These myths originated in the late 1990s. Over two decades ago they are patently false.
HTTPS is pretty much mandatory these days. If you don't use HTTPS your site will appear with a red sign stating it's insecure, scaring visitors away. It will be penalized by search engines. You should use HTTPS if only to fix these two problems. You don't even need to break the piggy bank. TLS certificates are now free of charge thanks to Let's Encrypt. Most hosting control panels integrate with Let's Encrypt, meaning that you can literally have your hosting control panel issue and install a free TLS certificate and auto-renew it. There is zero maintenance on your part. HTTPS is also super fast since any modern CPU, released over the past ten-odd years, has hardware acceleration for the cryptographic operations it uses.
While you're at it, remember to set Force HTTPS to Entire Site in your Global Configuration. This ensures that your Joomla site will always be delivered over HTTPS, making logins more secure in the process. Once you do that and you've confirmed HTTPS works great with your site add the following to your .htaccess:
Header always set Strict-Transport-Security "max-age=31536000" env=HTTPS
This enables a feature called HSTS (HTTP Strict Transport Security). In short, it tells your browser to never even try to connect to the HTTP version of your site, regardless of what your visitor tells it to do. Since this happens on the browser side a visitor who types your domain name in the address bar without the https:// prefix, or clicks a link with the http:// prefix, will always get to the HTTPS version of your site without having to first visit the plain HTTP version and get redirected by Joomla. This is much faster, especially on high-latency connections such as mobile or satellite Internet.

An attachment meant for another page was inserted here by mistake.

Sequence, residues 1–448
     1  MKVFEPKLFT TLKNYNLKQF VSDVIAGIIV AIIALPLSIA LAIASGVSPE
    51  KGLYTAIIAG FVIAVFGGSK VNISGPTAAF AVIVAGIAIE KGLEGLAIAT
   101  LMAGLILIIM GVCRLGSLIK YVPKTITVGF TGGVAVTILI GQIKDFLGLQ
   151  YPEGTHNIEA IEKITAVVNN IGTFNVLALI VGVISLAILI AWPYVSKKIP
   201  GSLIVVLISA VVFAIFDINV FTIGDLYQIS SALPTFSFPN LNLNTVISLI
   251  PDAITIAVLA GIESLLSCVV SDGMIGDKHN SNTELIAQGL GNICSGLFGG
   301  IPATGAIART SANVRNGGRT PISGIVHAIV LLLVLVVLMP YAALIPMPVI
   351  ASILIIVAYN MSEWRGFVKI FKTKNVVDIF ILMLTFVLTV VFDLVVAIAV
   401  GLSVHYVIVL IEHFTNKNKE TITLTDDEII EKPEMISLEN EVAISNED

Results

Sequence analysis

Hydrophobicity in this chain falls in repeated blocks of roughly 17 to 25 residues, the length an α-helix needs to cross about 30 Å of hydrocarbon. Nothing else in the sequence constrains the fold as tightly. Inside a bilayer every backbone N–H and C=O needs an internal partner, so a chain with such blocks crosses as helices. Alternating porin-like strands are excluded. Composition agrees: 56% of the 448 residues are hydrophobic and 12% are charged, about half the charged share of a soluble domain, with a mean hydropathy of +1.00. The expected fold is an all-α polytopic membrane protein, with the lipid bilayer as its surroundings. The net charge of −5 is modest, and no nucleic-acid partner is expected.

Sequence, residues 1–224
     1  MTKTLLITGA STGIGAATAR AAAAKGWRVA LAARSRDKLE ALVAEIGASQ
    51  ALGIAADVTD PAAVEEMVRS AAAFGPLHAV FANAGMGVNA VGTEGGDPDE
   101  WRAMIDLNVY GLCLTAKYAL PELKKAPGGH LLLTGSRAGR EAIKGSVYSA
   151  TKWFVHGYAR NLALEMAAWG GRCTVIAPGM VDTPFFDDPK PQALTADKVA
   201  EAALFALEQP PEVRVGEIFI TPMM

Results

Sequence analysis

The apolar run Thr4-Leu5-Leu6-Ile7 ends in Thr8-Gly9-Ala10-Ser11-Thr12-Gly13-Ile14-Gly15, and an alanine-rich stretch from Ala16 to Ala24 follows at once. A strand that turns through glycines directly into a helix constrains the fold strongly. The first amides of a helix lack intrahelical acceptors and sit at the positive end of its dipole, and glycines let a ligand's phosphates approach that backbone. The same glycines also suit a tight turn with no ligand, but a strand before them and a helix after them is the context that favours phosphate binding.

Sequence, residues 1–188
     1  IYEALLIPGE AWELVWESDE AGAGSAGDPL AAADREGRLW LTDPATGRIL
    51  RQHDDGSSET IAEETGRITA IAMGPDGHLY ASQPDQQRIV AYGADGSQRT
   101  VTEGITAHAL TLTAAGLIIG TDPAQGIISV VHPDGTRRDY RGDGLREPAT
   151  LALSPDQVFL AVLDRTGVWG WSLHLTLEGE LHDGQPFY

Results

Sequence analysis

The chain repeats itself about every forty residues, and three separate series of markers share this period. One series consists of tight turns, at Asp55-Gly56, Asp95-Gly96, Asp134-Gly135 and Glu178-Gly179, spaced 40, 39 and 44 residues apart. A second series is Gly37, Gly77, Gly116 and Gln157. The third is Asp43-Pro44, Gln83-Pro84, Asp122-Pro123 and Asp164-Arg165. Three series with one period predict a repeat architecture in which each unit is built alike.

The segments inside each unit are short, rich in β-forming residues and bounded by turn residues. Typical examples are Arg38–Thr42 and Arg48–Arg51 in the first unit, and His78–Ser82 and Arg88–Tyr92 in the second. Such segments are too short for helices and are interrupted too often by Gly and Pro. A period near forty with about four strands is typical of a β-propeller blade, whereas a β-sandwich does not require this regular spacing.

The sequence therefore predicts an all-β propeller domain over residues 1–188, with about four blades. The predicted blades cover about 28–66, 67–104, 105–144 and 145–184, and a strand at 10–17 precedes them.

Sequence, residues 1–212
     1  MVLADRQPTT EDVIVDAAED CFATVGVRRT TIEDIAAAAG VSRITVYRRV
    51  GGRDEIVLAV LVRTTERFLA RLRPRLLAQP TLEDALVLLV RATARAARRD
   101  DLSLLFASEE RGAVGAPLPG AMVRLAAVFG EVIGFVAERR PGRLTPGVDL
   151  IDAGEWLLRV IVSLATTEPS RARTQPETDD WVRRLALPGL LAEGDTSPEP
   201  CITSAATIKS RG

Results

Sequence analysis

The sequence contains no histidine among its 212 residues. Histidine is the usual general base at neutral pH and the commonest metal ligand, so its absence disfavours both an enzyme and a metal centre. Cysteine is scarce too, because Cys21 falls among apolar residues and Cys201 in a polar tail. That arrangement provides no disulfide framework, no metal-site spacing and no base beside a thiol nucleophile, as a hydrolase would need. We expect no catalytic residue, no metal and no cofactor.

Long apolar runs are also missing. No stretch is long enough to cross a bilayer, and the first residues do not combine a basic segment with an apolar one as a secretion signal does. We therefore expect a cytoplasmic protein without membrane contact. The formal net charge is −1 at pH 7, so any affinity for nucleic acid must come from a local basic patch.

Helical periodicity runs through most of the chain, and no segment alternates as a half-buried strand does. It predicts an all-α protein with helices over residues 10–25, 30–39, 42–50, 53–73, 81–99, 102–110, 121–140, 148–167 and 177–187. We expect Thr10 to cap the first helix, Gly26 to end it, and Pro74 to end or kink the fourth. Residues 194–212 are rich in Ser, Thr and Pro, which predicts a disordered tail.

A further optimization you can do is submit your site to the HSTS Preload List. While HSTS only works after the first time someone visits your site, having your site in the HSTS Preload List means that the browser knows about your site using HSTS before the first time your visitor visits it. Therefore, the browser will never attempt to load it over plain HTTP. Again, this is a time saver for high-latency connections, easy and free. What's not to love about it?
HTTP/2 Server Push
The ulterior motive for using HTTPS is that it enables us to use HTTP/2. This is a newer version of the HTTP protocol which only works over HTTPS, uses binary headers and supports a few important features that increase the performance of the site.
This is something your host needs to enable on their server. If you are not sure if they do, go to https://http2.pro/ and test the HTTPS version of your site. If it tells you that HTTP/2 is not supported please do contact your host and ask them to enable it.
While Joomla does not have built-in HTTP/2 Server Push support (yet?), you can always use Michael Richy's Server - HTTP/2 Push plugin. Do remember that HTTP/2 Push only happens the first time a visitor requests a resource during the user session. When you are testing it on your site do remember to not just clear your browser's cache but also the cookies sent by your site to reset the session.
To be continued
Come back tomorrow for Part III: Static media optimisation.